Roush lived another 25 years after being named to the Hall of Fame. He threw out the first pitch at the last game at Cincinnati’s Crosley Field, June 24, 1970. Joe Morgan called Roush “the best of us all.”
By Glen Sparks
Ted Williams set his goal about as high as a ballplayer might dare set one. He wanted to be the best hitter in the history of the game. He wrote that very thing on the first page of his 1969 autobiography My Turn at Bat.
Teddy Ballgame, elected to Baseball’s Hall of Fame on Jan. 20, 1966, wanted people to walk down the street, look at him and say to a friend, a spouse or anyone else, “There goes Ted Williams, the greatest hitter who ever lived.”
Williams, born Aug. 30, 1918, in San Diego, tried his best to make that happen. He headed to the North Park Playground just about every day as a boy. He’d get together with the other neighborhood kids and play Big League (groundball past the pitcher was a single, hit the ball above the bar and it was a double, etc.) We’d play Big League by the hour, Williams wrote. Then, Ted might take a break for some orange juice, freshly squeezed, and he’d play more Big League, until long after it was time to go home, begrudgingly.
Home life was a mess for young Ted. His mom, May, worked as a soldier for the Salvation Army, mostly in Tijuana, Mexico. She was gone all day and some nights. Ted’s dad, Sam, ran a photo shop in downtown San Diego, taking pictures of Navy sailors and their gals. Young Ted Williams devoted his life to baseball.
He starred at Herbert Hoover High School and for the San Diego Padres, then of the Pacific Coast League. Eddie Collins, general manager of the Boston Red Sox and a Hall of Famer, first saw Williams while on a scouting trip in southern California to watch another young player, Bobby Doerr of Los Angeles.
Collins didn’t make a big deal out of spotting the Splendid Splinter. Sometimes, you just see a natural. And nothing ever looked more natural than Ted Williams swinging a baseball bat. Collins said, “It wasn’t hard to find Ted Williams. He stood out like a brown cow in a field of white cows.”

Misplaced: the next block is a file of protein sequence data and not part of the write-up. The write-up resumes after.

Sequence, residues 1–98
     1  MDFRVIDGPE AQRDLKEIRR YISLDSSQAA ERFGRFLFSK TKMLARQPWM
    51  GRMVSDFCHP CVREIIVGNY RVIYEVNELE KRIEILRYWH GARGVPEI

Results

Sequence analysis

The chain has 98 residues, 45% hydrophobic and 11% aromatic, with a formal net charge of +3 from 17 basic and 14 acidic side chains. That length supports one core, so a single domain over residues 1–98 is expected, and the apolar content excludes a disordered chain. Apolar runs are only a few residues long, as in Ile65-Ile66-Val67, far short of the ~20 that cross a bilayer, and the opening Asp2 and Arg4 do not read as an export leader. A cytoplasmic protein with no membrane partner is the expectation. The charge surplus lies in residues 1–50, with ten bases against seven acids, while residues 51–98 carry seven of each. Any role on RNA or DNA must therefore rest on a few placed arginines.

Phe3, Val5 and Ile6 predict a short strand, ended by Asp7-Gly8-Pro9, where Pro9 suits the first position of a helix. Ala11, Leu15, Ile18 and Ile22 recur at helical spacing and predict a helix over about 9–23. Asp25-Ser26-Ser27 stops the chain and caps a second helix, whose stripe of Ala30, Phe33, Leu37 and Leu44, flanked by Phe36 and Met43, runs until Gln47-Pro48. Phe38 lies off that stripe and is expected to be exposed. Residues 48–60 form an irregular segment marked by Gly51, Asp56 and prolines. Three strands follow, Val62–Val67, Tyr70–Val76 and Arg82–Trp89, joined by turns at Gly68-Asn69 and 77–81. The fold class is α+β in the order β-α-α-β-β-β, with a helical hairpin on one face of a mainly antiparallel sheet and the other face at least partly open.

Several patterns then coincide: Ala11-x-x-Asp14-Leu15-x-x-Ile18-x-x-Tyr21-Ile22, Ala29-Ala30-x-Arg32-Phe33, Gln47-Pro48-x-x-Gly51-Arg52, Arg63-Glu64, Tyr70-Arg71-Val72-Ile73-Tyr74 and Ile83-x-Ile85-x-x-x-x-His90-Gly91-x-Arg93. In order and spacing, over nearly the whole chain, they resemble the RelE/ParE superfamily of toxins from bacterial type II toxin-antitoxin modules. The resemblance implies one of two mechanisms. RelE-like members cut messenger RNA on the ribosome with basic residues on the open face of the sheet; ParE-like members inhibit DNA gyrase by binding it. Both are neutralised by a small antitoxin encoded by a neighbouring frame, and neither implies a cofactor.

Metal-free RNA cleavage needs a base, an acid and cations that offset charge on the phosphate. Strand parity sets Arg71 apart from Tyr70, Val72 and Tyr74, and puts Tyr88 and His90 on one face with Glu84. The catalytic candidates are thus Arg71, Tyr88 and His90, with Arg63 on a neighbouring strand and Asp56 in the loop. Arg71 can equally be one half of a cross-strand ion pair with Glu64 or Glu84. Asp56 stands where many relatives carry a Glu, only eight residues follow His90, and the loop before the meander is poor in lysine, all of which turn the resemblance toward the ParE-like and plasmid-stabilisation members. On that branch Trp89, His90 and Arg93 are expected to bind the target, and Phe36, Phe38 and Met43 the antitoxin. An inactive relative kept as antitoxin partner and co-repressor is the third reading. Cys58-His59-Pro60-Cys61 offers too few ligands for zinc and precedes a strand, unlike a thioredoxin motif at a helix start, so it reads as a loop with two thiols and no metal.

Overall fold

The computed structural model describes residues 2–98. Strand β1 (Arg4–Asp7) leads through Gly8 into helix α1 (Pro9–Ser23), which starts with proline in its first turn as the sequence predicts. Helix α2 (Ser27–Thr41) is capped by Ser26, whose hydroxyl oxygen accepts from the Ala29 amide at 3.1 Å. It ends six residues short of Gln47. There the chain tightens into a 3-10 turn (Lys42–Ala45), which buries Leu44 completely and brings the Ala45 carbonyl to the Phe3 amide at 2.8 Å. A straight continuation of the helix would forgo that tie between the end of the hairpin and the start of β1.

Williams debuted with the Red Sox in 1939. Too bad, they didn’t start handing out the Rookie of the Year award until 1947. Because Williams would have won that honor in ’39, no contest. The lefty batter slammed 31 home runs, drove in 145 (first in the American League) and hit.327 with an OPS of 1.045 (OPS+ 160). He finished fourth in the MVP race.
Two years later, in that legendary year of 1941,Ted Williams hit .406. Another pretty good player, the New York Yankees’ Joe DiMaggio, batted safety in 56 straight games and took home the MVP award. Who should have won? DiMaggio put up a WAR of 9.1, Williams put up a 10.9. The Yanks and Joe D, though, won the A.L. pennant, finishing 17 games ahead of the Red Sox and Teddy Ballgame. (Interesting note: DiMaggio batted .408 during the streak, but Williams hit .412. Williams also had a higher OPS during that span, 1.224 to 1.180).
Following another big year in 1942 (Triple Crown winner, runner-up to the Yankees’ Joe Gordon for MVP), Williams left baseball for the next three seasons. Lt. Ted Williams, U.S. Marine Corps aviator, trained pilots for combat during World War II.
Back with Boston in 1946, Williams finally won the MVP. He was runner-up in ’47 (another Triple Crown year), third in ’48 and first again in 1949. During the first inning of the 1950 All-Star Game, Williams banged up his elbow, crashing into the Comiskey Park wall while making a catch. The Red Sox great said he never again felt “swishy” at the plate.
Boston’s clean-up hitter left for Korea in 1952. At his final game before heading out, the Red Sox held Ted Williams Day at Fenway Park. The team gave him a Cadillac and a memory book signed by 400,000 adoring fans. Williams stepped to a microphone and told the crowd: “This is the greatest day in my life,” and he thought that he might never play again.
It was close. Marine Corps Capt. Ted Williams flew 39 combat missions and crash landed once in his Panther Jet. Enemy flak hit his aircraft Feb. 16, 1953, 15 miles from the North Korean capital of Pyongyang. What could he do? He could ditch into the Yellow Sea, but it was nearly frozen and full of ice chunks. He could eject, but he was 6-feet-3 and thought he might tear off his legs. His plane on fire, smoke blowing out from the back, Williams hit the runway at his landing strip; he slid for 9,000 feet. Williams thought the plane might explode. It did not; it ran out of fuel.